In 2015, the House of Krug launched Krug x Single Ingredient, honoring the legendary ethos of their 1843 founder, Joseph Krug, and his dedication to consider each plot as one ingredient. “We inherit a unique approach to Champagne creation where we consider each plot, through its wine, to be a single ingredient in Krug Champagne,” explains Krug Cellar Master, Julie Cavil. Stemming from this philosophy, the program is a nod to the maison’s craftsmanship as they invite chefs from around the world to interpret the annual single ingredient in recipes to pair with Krug Grande Cuvée and Krug Rosé. In 2015 that ingredient was potato. And in 2022, the ingredient is rice.
Connecting Through a Culinary Chameleon
“It is an ingredient that shines most brightly when blended and not only will it support other flavors and aromas on the plate. Its texture – creamy, chewy, or even crunchy, depending on variety and cooking style – will accentuate different facets of, and interact uniquely with Krug,” says Cavil. Not to mention, “it is the backbone of emblematic national recipes everywhere.” For example, according to National Geographic, two thirds of the world’s population depend on rice as a primary food source.
Though Cavil shares that Krug’s annual single ingredient is always humble, ubiquitous, readily available and internationally accessible. Previous ingredients include onion, fish and egg — this year, rice is perhaps the most prominent use of the program to emphasize the universal connection to our food sources and the symbiotic relationship between agriculture and humans.
“The culinary chameleon we call rice is a global symbol of sustenance and vitality, a unifying staple that today nourishes half the world’s population,” says Cavil. “The idea is to connect people around food in an inclusive and responsible way.”
Globalization Through Rice
Krug successfully executes the program by leaning into their worldwide ambassadors, or Ambassade Chefs, who rely on local resources to present their creations. This year, for the first time, Krug produced a cookbook, Rice Here, Right Now. The book allows a platform for these notable chefs, of which there are 78 Michelin stars among them, giving them opportunity to describe their interpretations of rice and method of sourcing.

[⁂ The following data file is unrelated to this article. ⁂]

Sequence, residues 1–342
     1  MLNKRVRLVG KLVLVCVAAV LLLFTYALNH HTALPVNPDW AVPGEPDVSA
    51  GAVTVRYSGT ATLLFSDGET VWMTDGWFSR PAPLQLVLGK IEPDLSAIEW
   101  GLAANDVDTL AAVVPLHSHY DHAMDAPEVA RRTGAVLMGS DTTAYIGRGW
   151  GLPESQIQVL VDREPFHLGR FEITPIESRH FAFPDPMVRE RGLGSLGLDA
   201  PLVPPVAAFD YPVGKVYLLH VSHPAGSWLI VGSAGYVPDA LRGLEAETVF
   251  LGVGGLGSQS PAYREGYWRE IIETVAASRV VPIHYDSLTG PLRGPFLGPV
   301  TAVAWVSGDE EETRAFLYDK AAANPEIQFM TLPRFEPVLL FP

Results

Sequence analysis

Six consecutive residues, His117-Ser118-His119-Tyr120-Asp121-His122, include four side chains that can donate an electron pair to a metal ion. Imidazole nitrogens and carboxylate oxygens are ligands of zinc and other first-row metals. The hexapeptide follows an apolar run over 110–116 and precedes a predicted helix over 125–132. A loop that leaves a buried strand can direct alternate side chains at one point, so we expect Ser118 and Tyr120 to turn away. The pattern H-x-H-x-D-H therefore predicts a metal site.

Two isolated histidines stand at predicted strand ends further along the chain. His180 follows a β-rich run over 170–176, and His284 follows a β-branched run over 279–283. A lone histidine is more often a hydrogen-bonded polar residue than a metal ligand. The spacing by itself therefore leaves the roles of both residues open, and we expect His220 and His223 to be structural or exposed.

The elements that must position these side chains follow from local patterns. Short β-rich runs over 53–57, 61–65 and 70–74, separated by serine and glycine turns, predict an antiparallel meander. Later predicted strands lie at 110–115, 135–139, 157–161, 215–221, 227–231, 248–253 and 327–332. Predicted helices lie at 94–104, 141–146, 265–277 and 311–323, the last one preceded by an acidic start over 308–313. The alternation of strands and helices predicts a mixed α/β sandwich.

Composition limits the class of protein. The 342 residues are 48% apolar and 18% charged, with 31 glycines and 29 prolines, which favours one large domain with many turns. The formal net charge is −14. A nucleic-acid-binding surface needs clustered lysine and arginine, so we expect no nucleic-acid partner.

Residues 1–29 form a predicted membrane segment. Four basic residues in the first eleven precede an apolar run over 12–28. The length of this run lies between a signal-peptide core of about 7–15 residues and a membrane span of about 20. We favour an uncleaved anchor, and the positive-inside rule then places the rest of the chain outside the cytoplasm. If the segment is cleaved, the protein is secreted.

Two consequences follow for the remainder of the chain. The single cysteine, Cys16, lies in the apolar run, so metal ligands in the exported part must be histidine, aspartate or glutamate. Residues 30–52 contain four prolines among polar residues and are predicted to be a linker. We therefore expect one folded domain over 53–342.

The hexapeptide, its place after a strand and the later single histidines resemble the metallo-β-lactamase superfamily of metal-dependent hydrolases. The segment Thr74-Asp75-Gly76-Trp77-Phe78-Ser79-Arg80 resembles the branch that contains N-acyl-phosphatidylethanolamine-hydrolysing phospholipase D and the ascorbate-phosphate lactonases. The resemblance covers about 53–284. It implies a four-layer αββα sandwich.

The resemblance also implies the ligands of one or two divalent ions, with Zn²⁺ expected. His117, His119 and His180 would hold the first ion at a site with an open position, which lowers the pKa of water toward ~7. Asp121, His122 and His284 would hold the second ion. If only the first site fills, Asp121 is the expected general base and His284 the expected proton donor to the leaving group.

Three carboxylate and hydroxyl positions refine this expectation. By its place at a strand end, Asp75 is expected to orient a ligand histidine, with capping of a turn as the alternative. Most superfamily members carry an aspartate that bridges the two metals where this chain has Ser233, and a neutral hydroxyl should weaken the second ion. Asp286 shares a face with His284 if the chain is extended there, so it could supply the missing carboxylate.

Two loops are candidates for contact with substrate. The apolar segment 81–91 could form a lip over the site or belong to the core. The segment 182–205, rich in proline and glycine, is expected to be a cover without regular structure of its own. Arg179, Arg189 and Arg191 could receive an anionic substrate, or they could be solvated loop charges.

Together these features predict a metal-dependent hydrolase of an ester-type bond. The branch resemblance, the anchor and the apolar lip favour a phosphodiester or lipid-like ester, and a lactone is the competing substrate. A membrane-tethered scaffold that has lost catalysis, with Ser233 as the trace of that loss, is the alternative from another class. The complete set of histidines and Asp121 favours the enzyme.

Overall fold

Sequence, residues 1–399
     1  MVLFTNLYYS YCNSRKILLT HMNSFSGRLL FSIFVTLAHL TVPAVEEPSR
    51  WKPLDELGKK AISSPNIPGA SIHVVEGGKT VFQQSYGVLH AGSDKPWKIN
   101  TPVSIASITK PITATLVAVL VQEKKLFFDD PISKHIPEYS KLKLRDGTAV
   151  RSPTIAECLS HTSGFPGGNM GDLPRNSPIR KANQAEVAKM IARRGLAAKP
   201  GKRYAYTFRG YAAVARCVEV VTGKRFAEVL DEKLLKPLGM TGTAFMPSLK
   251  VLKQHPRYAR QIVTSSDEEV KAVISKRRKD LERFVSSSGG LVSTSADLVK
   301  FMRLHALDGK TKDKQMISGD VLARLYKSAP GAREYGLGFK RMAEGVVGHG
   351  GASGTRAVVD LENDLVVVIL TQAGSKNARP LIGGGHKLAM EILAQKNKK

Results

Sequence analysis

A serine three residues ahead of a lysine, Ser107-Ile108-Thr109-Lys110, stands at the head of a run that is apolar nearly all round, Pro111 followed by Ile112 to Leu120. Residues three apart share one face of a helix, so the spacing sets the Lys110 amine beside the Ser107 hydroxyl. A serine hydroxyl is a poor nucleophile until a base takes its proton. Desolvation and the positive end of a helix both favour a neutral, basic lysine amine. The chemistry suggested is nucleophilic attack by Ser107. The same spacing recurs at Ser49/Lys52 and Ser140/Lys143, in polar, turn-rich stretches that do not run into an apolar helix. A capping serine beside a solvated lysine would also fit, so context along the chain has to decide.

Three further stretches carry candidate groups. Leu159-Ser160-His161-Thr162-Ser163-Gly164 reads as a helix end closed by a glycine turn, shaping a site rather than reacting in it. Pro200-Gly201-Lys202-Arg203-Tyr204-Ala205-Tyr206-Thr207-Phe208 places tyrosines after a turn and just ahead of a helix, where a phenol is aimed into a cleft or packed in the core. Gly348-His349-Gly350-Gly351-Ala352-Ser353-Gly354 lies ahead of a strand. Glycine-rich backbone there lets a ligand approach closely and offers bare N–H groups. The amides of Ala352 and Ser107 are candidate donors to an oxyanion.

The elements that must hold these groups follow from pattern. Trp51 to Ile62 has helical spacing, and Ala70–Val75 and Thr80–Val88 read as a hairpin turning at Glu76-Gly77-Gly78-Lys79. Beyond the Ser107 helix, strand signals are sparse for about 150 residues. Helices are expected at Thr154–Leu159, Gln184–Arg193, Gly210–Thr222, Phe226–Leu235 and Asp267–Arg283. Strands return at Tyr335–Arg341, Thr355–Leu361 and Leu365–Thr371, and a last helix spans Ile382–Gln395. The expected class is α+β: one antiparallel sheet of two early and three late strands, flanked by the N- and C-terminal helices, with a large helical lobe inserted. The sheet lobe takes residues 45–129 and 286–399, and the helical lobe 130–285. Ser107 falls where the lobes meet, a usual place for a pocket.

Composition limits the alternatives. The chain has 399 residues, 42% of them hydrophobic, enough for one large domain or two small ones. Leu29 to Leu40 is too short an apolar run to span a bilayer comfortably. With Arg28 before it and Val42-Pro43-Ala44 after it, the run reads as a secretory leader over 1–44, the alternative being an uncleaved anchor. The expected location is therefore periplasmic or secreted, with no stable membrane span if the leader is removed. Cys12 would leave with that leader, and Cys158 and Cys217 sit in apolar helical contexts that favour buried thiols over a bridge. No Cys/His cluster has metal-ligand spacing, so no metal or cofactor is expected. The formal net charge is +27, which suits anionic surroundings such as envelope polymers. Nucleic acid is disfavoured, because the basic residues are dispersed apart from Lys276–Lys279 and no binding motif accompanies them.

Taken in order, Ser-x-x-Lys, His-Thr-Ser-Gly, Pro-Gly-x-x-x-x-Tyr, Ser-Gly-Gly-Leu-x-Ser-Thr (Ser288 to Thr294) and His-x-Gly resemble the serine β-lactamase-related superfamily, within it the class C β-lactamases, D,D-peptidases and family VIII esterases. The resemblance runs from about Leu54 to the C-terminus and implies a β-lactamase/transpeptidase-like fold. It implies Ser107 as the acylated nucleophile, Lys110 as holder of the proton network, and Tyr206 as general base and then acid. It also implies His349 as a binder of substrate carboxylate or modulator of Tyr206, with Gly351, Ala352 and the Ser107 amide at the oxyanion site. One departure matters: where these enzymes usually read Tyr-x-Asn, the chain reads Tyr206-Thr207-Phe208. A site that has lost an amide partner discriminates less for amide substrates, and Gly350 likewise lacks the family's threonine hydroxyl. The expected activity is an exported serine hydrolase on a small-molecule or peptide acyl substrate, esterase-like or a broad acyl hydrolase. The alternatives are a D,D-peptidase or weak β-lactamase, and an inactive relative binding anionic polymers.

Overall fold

The book illustrates 75 cultural interpretations and dozens of varieties of rice. From Singapore-inspired street food to Spanish paella and Italian risotto to Japanese sushi.
“I have fond memories of my Riso, Patate e Cozze (rice, potatoes and mussels), which encompasses land and sea,” writes Chef Leonardo Vescera of Il Capriccio in Vieste, Italy. His amuse-bouche consists of a crispy fried rice wafer stacked with a spoonful of fried potatoes and one shelled mussel — cooked with oil, garlic, thyme and marjoram — stuffed with pecorino mousse. “I always used to ask the local old women for the secret to preparing the dish. But they gave me measurements such as ‘a spoon, a glass, a fist,’ and I never managed to replicate it as they did.”
In Hong Kong, Chef Robin Zavou of The Krug Room, Mandarin Oriental, conceptualized baked rice pudding ice cream with lime syrup and Japanese mango. “Rice pudding was something that my grandma used to make, and I loved the skin that formed on top after baking,” shares Zavou. “Turning that into ice cream gives a different twist on an iconic dessert. Serving it with mango adds an Asian element.”
“Education is and always will be important. Through the Single Ingredient recipe book, we shine a light on local ingredients and the progressive practices of our Krug Ambassade Chefs, who are finding innovative ways to cook sustainably,” notes Cavil.
For example, the program is an opportunity for the participating chefs to evaluate and reinvent some of their founding principles. There’s also an educational element. Inspired by the camaraderie of participating in the program, it’s further amplified by the opportunity to travel to the ingredient’s country of origin. The immersive itinerary educates on the ingredient’s history, traditions, and contemporary evolution among consumers.
For the year of the onion, Renaud Butel, International Director at Krug, recalls a trip to a farm in Rajasthan, India, where he ate lunch with the accompanying chefs, sharing 24 Michelin stars between them on the floor. “I remember chefs coming to me and telling me it’s one of the best meals they’ve ever had,” shares Butel. “That was for me, a moment where it’s not about the ingredient, it’s not about Krug, it’s not just about exchanging discovery of culture, it’s about self-discovery. And that trip, when we left India, when all of us left India, we knew a bit more about who we were as individuals thanks to that journey.”
As Krug continues to illustrate itself as a food-pairing Champagne, Butel clarifies the desire to have a presence on menus in a meaningful way. Specifically, he summarizes the single ingredient initiative beginning as a trade program that’s evolved into an all-encompassing communication program.
“Each year, it is a way for us to connect – among winemakers and Krug Ambassade Chefs, but also Krug lovers,” adds Cavil. “The annual Single Ingredient is a chance for us to share something and bring together our communities around the world.”